Monday, 3 December 2007

Online Educa Berlin 2007: Day 0

I was at Online Educa Berlin (OEB) last week, where I was giving a talk on issues in sharing educational resources via learnig object repositories. This was my second time at OEB, and based on my previous expereince (in 2002), I didn't have high expectations. I was however pleasantly surprised with the overall good quality of this year's keynotes and most parallel sessions I attended (maybe I am getting better at judging the potential quality of a session from a short description in the programme :-)

I was mostly twittering - rather twitter spamming - the sessions, as well as taking notes, however I thought I would consolidate my impressions from each of the three conference days in a bit more reflective way than twitter allows.

Many other people blogged about the various aspects of the conference: Inge de Waard , Steven Verjans , Wilfred Rubens (in Dutch) , Marc Dupuis , Keith Russell , Willem Karssenberg (in Dutch) , Steve Wheeler , and Sebastian Graeb-Konneker among others.

Before the conference, I attended a full-day pre-conference workshop on "Research in e-Learning in Berlin's Universities" organised by Technical University of Berlin. I was unimpressed either by the organisation or by the content of the workshop. Firstly, it was not a workshop as it was advertised but a tightly packed series of presentations with very little time for discussion or any hands on stuff (isn't that what workshops are meant to be?). The research that was reported was rather uninspiring (not to say boring), although reasonably well executed methodologically - evaluation of CD-ROM based course materials, use of VLE in primary schools, and so on.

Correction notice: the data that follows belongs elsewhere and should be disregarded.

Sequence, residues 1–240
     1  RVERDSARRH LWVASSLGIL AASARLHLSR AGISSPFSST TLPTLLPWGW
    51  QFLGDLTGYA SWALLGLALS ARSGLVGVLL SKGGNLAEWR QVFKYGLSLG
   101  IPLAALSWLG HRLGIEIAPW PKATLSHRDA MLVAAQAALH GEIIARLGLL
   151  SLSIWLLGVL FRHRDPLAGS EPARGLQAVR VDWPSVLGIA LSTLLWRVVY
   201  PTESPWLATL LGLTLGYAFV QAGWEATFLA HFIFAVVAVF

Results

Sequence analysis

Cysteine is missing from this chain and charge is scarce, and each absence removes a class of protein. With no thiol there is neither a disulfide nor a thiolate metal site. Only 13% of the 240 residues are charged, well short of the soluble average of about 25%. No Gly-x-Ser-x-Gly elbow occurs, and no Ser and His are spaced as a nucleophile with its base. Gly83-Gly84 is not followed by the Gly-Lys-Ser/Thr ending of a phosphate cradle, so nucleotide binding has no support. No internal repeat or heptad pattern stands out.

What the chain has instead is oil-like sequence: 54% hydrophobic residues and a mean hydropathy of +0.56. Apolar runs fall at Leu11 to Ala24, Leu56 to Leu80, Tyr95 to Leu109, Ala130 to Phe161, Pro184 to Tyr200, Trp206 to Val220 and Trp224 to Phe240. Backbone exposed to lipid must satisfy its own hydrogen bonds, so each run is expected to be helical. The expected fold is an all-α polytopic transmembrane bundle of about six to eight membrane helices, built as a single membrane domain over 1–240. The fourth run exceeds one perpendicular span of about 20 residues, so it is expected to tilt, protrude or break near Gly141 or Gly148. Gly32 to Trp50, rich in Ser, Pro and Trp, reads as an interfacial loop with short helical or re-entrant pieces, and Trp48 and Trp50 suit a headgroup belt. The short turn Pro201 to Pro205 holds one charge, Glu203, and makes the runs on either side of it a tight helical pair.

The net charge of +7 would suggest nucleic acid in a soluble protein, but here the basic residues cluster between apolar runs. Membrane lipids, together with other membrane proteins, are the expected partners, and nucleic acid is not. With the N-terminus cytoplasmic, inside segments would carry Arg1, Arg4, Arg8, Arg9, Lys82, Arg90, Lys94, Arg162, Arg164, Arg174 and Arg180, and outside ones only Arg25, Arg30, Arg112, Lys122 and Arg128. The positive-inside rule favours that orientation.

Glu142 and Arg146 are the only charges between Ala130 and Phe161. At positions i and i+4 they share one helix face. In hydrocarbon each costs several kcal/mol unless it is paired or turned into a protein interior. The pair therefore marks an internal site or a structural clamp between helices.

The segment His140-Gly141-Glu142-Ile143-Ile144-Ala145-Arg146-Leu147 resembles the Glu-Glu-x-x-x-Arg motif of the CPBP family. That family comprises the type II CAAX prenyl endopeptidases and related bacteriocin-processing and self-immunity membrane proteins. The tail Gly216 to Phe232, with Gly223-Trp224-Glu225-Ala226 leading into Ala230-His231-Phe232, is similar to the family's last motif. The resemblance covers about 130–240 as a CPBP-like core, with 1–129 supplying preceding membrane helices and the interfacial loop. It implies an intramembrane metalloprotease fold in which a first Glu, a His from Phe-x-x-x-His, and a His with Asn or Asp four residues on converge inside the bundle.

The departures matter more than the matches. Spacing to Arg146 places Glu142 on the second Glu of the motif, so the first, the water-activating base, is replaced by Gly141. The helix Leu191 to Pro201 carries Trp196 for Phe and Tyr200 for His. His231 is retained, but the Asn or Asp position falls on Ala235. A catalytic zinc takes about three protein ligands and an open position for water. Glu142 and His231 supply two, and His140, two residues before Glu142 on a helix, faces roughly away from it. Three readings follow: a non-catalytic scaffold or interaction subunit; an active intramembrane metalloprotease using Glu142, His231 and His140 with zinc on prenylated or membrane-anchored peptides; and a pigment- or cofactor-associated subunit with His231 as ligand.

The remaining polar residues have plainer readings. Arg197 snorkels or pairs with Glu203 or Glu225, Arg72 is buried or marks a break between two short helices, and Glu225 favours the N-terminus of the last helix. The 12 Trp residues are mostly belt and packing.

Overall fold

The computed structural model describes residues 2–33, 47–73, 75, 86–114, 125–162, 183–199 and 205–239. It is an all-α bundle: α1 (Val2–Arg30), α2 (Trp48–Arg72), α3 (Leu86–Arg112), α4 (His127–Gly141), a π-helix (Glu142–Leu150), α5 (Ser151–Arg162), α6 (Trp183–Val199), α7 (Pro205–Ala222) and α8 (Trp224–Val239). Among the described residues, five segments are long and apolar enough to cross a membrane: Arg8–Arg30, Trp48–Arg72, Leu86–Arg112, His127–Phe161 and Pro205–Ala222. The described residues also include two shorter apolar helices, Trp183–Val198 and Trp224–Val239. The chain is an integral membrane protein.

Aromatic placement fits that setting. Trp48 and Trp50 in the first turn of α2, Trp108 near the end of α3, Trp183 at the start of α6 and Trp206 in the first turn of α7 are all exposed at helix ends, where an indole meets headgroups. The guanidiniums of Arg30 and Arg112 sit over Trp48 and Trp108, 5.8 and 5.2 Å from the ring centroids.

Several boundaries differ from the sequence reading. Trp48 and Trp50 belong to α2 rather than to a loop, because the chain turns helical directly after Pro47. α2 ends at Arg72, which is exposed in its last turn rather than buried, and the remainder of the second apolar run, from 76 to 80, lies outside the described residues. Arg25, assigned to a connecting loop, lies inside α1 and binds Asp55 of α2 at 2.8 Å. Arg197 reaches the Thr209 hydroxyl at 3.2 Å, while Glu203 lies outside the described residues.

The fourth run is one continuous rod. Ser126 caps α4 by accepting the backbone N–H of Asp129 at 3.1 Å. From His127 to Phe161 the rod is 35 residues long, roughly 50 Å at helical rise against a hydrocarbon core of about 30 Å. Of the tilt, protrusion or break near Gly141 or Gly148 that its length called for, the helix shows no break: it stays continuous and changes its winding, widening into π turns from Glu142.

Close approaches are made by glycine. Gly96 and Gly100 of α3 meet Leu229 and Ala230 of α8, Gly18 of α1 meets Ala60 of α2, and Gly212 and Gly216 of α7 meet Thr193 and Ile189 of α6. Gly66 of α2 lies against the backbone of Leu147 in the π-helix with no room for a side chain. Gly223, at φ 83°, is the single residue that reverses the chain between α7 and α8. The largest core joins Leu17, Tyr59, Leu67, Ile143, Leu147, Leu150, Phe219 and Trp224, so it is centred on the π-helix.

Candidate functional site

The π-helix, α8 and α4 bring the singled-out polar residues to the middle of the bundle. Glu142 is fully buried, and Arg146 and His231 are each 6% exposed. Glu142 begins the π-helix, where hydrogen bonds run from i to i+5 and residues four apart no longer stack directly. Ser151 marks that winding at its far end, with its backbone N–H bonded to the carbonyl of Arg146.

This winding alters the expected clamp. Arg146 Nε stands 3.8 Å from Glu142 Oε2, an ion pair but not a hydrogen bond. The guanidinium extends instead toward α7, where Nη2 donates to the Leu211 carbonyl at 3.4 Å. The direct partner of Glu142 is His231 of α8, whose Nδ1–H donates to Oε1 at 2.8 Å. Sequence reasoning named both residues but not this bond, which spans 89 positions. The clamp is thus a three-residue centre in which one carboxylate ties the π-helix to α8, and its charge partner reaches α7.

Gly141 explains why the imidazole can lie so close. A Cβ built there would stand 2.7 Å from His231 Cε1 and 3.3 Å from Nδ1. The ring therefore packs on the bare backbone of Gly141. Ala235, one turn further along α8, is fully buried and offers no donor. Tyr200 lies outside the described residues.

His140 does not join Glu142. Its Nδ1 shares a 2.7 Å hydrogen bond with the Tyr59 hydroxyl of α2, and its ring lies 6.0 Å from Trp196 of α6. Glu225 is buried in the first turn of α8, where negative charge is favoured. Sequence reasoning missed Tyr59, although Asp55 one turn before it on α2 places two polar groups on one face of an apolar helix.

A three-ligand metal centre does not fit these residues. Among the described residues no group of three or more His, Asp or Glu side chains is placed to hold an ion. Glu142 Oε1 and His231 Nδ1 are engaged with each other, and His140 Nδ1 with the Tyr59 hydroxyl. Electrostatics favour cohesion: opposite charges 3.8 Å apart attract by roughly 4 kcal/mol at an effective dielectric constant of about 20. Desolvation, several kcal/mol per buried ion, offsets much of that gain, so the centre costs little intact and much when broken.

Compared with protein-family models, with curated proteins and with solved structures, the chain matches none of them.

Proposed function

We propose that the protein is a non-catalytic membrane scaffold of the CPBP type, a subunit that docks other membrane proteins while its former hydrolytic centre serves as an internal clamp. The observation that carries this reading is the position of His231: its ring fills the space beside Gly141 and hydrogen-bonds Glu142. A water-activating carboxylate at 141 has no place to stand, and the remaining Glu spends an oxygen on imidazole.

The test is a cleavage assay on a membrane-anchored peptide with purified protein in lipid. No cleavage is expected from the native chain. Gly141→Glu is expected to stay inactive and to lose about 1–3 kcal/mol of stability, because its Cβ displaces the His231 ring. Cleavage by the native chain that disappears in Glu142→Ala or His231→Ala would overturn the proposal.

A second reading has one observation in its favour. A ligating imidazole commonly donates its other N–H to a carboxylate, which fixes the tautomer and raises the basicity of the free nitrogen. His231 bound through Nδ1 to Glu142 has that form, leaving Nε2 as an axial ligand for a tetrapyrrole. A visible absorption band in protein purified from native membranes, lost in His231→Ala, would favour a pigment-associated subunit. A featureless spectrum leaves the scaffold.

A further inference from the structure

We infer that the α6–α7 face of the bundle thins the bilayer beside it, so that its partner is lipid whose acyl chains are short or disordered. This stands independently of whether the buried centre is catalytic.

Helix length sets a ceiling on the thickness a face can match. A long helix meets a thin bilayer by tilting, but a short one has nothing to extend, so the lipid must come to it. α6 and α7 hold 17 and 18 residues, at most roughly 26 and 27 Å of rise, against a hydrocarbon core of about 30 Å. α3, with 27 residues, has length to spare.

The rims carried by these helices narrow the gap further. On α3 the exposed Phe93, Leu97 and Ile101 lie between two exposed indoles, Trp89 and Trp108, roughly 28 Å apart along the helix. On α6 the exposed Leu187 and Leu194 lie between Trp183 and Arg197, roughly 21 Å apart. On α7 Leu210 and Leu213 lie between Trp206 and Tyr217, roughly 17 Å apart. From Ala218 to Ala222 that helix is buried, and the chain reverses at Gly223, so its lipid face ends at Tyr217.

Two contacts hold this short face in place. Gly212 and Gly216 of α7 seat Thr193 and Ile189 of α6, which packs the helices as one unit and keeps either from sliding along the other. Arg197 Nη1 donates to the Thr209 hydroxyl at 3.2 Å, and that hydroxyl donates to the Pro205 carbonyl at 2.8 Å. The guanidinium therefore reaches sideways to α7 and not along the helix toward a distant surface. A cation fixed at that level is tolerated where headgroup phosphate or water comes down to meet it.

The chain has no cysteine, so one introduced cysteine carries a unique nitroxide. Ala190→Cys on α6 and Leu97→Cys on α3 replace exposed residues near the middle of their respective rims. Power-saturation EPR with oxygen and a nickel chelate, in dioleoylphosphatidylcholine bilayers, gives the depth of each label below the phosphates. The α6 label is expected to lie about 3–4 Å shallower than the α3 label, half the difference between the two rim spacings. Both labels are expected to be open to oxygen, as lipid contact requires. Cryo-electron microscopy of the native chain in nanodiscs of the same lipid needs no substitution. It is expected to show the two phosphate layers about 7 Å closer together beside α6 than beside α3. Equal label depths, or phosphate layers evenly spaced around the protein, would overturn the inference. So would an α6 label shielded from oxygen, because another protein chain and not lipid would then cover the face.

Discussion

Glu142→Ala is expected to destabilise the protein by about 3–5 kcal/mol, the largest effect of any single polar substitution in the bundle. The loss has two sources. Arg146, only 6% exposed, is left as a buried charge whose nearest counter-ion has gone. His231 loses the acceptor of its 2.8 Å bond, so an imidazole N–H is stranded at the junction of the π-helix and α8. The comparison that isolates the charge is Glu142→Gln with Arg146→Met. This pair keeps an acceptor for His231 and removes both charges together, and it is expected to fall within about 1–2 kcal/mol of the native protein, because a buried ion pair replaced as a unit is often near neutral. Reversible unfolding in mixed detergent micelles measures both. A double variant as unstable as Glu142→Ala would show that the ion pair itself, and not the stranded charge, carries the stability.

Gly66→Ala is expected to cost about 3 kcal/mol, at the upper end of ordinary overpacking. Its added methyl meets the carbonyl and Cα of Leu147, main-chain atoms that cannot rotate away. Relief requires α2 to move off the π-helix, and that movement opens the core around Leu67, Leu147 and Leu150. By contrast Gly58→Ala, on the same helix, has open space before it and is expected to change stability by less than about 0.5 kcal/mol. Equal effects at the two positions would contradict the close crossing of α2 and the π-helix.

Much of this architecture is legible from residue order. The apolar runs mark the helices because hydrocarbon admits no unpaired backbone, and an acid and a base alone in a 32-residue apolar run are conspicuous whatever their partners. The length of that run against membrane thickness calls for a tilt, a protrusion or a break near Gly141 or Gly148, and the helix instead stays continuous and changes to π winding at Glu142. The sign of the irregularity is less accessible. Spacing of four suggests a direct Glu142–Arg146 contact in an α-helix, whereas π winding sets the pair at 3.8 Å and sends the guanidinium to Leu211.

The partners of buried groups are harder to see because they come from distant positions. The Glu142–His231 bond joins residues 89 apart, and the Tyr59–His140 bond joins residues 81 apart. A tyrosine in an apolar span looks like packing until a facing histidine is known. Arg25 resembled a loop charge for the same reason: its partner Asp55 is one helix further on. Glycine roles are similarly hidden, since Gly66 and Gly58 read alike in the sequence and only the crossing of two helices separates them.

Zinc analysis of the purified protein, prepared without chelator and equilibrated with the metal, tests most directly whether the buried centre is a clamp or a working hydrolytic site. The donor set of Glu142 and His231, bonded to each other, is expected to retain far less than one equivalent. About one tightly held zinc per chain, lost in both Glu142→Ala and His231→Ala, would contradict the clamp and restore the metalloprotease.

Berner Lindtsrom from Gotheborg University was on the agenda with the most promising-sounding presentation on application of socio-cultural approaches to technology-enhanced learning - and I was very much looking forward to his talk given my interest in activity theory. Unfortunately he spent most of his presentation talking about his research group and his university (which was interesting but not the reason why people had paid to attend this workshop) .

We had a lovely lunch though (glorious German bread, I couldn't get enough of it!), and I met Prof. Casper Schutte who teaches Chemistry at University of Pretoria, who had a great sense of humor and who knew some of my previous colleagues from University of Twente, so we had a nice conversation at the Conference Party the next day.

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